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Let's discuss Mathematics

Discussion in 'Science & Technology' started by ParadigmShifter, Mar 16, 2009.

  1. AdrienIer

    AdrienIer Chieftain

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    You can call M(n) the number of people recruited on step n. That function is a^n. Then write N using that new M function.
     
  2. Lohrenswald

    Lohrenswald nIGHTMARE

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    Thanks for the jumpkick lol, I've figured the answer (by using your hint):

    N(n)=(1-a^(n+1))/(1-a)
     
    Olleus and AdrienIer like this.
  3. Samson

    Samson Chieftain

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    I have a population of things, say genes. I think some of them will have a feature, say involved in metabolic syndrome. If I do a frequentist test for this feature I expect the ones that do not have this feature to produce a p value with the uniform distribution, and the ones that have this feature to produce a p value skewed towards zero.

    If I am interested in selecting a subset of this population to reject the null hypothesis with a certain confidence I could do something like the Benjamini Hochberg procedure. If however I am interested in the characteristics of the whole population, such as how many have this feature or even what is their effect size distribution, what techniques could I use?

    I have tried searching for this, but I really do not know what search terms to use and can find nothing. I have thought about it and can imagine assuming the true effect size follows a beta distribution in the cases where the null hypothesis is false and estimating the parameters of the distribution with monte carlo bayesian inference, perhaps with BUGS or STAN, feeding in as observations p values and effect size estimates. I feel someone must have thought about this before.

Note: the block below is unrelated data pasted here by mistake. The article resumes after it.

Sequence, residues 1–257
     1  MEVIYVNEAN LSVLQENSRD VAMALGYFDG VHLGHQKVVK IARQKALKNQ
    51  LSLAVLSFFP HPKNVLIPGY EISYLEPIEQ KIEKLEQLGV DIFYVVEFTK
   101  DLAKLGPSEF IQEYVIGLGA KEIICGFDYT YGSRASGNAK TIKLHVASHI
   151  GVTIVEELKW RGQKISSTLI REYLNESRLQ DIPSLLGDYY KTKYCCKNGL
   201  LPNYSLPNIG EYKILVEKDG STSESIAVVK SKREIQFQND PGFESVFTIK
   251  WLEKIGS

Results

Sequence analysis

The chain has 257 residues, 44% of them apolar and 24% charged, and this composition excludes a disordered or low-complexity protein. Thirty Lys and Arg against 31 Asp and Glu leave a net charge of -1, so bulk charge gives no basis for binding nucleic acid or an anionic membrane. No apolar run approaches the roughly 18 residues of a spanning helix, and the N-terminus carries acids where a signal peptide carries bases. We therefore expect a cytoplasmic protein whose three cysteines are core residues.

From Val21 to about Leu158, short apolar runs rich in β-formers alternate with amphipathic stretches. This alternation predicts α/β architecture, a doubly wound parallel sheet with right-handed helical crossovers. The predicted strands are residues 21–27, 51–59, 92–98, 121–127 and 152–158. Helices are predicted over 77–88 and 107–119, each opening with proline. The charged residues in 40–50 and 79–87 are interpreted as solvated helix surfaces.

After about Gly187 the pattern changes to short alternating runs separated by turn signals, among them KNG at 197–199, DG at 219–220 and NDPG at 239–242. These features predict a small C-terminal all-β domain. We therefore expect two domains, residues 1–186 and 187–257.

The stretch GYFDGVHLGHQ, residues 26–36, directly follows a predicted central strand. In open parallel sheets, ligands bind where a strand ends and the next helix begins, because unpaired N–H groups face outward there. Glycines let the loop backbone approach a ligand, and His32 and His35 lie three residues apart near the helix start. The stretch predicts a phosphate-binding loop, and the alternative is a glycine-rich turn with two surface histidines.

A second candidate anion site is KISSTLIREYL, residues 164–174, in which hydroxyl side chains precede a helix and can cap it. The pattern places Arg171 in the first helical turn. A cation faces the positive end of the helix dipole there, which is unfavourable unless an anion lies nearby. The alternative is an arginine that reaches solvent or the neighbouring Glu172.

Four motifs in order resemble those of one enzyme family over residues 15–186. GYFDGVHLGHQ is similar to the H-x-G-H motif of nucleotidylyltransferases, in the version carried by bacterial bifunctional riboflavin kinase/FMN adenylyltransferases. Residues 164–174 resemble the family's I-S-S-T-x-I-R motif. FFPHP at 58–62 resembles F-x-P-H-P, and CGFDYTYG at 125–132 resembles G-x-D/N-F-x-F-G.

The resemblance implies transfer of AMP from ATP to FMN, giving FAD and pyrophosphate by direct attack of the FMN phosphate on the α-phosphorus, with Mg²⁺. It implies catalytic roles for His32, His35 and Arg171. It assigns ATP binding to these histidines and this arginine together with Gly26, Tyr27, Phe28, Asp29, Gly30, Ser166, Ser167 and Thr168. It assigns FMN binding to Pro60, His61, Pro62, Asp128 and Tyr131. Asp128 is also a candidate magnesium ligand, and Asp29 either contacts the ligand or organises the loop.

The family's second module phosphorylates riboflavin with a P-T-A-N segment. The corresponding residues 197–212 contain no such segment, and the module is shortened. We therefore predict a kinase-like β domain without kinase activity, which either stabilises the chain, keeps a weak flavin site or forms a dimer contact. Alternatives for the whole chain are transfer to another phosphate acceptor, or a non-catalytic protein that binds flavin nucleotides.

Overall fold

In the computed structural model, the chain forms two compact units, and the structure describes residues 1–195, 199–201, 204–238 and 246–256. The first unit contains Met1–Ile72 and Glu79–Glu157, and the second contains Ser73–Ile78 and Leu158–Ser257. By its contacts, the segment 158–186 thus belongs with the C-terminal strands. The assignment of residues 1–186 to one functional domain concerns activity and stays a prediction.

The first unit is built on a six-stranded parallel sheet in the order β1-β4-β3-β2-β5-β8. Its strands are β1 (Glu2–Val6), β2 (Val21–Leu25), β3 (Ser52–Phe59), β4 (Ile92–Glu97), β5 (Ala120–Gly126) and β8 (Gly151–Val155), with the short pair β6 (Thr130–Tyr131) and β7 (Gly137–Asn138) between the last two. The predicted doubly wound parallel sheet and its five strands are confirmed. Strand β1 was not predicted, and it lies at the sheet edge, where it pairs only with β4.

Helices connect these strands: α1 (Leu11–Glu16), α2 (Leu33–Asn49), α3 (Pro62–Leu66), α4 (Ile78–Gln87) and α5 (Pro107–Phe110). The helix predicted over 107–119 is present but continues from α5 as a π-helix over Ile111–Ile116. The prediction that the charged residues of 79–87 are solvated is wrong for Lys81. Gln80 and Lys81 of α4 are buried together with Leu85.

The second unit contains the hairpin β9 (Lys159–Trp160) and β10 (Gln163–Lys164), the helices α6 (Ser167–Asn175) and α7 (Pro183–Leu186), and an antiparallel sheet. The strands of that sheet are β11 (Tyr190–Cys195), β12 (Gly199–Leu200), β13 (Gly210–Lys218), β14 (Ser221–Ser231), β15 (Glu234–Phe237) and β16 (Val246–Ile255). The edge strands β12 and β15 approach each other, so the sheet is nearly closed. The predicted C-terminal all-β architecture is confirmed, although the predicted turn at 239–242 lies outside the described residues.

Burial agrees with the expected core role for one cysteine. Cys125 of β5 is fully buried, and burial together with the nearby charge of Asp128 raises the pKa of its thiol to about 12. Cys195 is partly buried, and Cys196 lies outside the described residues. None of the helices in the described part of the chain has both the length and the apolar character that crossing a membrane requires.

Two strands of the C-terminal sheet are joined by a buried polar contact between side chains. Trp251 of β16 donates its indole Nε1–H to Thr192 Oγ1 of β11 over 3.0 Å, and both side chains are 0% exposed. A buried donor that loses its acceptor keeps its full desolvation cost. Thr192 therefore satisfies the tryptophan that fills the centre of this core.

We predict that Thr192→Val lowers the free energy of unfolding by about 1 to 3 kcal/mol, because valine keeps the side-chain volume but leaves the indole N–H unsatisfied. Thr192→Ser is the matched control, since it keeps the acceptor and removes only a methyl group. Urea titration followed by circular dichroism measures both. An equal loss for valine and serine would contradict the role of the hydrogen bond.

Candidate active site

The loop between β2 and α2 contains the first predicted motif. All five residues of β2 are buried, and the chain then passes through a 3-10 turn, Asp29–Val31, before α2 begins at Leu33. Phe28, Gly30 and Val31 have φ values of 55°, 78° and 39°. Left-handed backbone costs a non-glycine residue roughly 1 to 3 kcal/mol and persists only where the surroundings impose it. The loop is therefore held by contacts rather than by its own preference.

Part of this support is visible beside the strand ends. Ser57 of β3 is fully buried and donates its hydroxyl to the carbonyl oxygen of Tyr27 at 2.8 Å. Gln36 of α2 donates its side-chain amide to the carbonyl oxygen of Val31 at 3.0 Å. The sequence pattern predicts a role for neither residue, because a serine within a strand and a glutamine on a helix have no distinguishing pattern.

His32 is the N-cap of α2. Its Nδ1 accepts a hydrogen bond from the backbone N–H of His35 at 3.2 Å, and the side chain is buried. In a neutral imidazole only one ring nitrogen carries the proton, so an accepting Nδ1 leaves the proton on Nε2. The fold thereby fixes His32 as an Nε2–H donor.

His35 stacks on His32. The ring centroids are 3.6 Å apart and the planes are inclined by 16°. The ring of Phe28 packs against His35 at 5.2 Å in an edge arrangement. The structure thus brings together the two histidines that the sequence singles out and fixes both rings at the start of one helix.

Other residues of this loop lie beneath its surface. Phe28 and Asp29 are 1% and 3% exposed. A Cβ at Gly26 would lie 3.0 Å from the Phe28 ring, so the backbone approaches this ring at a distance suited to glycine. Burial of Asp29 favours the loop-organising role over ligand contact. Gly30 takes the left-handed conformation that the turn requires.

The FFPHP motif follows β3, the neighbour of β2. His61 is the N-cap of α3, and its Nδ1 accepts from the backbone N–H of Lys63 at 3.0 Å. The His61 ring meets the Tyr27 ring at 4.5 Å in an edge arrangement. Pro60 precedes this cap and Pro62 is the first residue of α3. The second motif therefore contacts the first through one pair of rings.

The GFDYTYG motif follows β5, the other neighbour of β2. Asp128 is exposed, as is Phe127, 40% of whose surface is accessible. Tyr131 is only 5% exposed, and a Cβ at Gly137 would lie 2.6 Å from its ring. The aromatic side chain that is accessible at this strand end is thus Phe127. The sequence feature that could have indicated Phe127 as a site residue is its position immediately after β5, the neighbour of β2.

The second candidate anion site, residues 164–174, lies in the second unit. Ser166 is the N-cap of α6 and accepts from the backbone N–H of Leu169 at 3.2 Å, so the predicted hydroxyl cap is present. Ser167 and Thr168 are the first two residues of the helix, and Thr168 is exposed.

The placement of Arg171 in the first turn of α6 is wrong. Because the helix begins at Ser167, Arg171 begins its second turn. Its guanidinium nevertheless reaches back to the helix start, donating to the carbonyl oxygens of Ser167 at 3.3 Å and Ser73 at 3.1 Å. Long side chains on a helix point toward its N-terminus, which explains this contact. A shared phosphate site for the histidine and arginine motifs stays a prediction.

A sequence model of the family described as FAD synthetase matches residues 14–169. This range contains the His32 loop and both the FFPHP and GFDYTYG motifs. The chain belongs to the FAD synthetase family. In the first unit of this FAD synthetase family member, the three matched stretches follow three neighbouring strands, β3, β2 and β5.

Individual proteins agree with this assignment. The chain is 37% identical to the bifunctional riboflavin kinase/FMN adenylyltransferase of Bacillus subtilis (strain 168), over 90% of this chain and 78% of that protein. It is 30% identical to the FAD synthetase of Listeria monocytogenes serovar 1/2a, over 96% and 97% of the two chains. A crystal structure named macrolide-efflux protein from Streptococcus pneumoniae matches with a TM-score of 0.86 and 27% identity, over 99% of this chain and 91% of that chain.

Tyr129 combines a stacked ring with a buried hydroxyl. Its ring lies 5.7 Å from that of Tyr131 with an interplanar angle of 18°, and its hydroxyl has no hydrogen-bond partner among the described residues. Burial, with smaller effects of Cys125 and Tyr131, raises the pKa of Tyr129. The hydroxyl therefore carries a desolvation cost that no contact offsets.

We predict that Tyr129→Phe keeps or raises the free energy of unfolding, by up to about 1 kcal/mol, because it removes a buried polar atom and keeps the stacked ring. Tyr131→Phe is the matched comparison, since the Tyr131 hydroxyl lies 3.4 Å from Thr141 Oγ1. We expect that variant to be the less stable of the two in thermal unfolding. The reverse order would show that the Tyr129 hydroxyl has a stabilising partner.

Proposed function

4. onejayhawk

    onejayhawk Afflicted with reason

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    What about the proposition that 0.999... =/= 1.000...? The proof is trivial. 0.999... is an element of [0,1) and 1.000 is not.# QED

    J
     
  5. Lohrenswald

    Lohrenswald nIGHTMARE

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    false

    L
     
  6. warpus

    warpus In pork I trust

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    Basically if you could prove that you would take down modern mathematics and we'd have to start from scratch
     
  7. onejayhawk

    onejayhawk Afflicted with reason

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    Demonstrate.

    Not really. Calculus is built on the principle of close enough. They are definitely that.

    J
     
  8. Lohrenswald

    Lohrenswald nIGHTMARE

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    since 0,999...=1 it's not in [0, 1)

    you don't have a better arguement for why this isn't the case
     
  9. onejayhawk

    onejayhawk Afflicted with reason